You’ve probably heard of rice wine. While not technically ‘wine’ as it’s not made of grapes, rice wine is the staple alcoholic beverages of many parts of the world. While it’s likely that you’ve tried sake at a hibachi restaurant and have a passing familiarity with it, it might surprise you just how expansive the world of rice wine is! From Japan to India, the styles and varieties have almost as much variation as more familiar grape based wines.
How is it made?
Despite its alcohol content generally matching wine (most are actually a little bit stronger), the process for making Japanese sake or Korean Makgeolli is actually closer to that of beer. Rice and water is combined with a fungal culture that converts the starches and sugars into alcohol. The brewer can modify this process however they like to change taste, texture and alcohol content.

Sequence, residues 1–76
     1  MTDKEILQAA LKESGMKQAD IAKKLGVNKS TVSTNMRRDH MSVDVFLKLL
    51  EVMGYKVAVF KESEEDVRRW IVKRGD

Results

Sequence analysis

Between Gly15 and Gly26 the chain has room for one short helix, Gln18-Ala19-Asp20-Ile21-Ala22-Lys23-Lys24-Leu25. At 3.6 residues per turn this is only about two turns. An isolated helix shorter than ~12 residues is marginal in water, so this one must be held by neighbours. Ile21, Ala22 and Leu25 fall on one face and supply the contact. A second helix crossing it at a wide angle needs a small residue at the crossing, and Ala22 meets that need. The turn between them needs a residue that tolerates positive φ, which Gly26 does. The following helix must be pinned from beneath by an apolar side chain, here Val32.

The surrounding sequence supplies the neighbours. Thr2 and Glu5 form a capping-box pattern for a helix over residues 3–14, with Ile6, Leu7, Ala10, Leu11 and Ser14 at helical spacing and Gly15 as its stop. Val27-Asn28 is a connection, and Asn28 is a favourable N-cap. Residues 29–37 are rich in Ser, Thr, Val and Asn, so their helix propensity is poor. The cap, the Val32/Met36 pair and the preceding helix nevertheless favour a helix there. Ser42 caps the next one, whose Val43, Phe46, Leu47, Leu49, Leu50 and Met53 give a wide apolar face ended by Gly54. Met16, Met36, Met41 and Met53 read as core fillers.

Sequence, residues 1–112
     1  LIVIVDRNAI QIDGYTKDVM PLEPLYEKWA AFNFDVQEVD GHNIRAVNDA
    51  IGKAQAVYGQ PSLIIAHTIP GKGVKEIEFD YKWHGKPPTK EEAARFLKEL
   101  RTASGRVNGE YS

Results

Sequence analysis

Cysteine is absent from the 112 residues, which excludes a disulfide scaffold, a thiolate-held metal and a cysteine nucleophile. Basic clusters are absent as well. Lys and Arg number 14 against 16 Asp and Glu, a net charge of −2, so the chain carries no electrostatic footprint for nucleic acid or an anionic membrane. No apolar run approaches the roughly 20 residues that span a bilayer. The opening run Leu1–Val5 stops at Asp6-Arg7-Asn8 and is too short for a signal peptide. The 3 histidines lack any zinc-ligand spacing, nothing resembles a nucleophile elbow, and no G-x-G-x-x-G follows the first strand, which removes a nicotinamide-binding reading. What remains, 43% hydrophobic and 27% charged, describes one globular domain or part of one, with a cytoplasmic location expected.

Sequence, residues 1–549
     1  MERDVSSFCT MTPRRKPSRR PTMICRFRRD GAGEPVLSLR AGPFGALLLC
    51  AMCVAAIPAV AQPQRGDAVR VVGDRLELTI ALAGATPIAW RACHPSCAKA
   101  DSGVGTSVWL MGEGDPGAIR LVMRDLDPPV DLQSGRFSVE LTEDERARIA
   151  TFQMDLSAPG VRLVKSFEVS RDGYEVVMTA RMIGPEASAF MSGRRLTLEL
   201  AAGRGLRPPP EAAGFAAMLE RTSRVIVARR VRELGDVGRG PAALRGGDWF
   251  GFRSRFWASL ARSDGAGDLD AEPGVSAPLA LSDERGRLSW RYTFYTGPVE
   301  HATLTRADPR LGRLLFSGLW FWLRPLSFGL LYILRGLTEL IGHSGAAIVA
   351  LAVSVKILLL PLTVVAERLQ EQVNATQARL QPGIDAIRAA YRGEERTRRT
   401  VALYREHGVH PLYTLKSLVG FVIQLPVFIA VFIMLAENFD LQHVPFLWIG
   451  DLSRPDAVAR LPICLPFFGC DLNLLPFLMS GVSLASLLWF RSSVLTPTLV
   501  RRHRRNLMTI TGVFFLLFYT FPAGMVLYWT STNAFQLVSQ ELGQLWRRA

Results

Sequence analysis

What are the varieties of rice wine?
Japanese sake is the most famous rice wine, and it comes in two general categories: a sweeter unfiltered variety and a smoother filtered variety. While it’s a little harder to find in the west, Korean Makgeolli can also be fairly easily acquired. It boasts a much lower alcohol content and has a thicker texture- while it is traditionally unpasteurized and thus continues to ferment in the bottle, some pasteurized varieties make up for the loss in flavor by introducing fruit juices and other outside flavors. If you’re interested in getting really deep into the world of rice wine, there are variations of it made and drank all across Asia: China, India, Vietnam, and more all boast several varieties that look and taste surprisingly different from the clear or milky liquid than you might expect.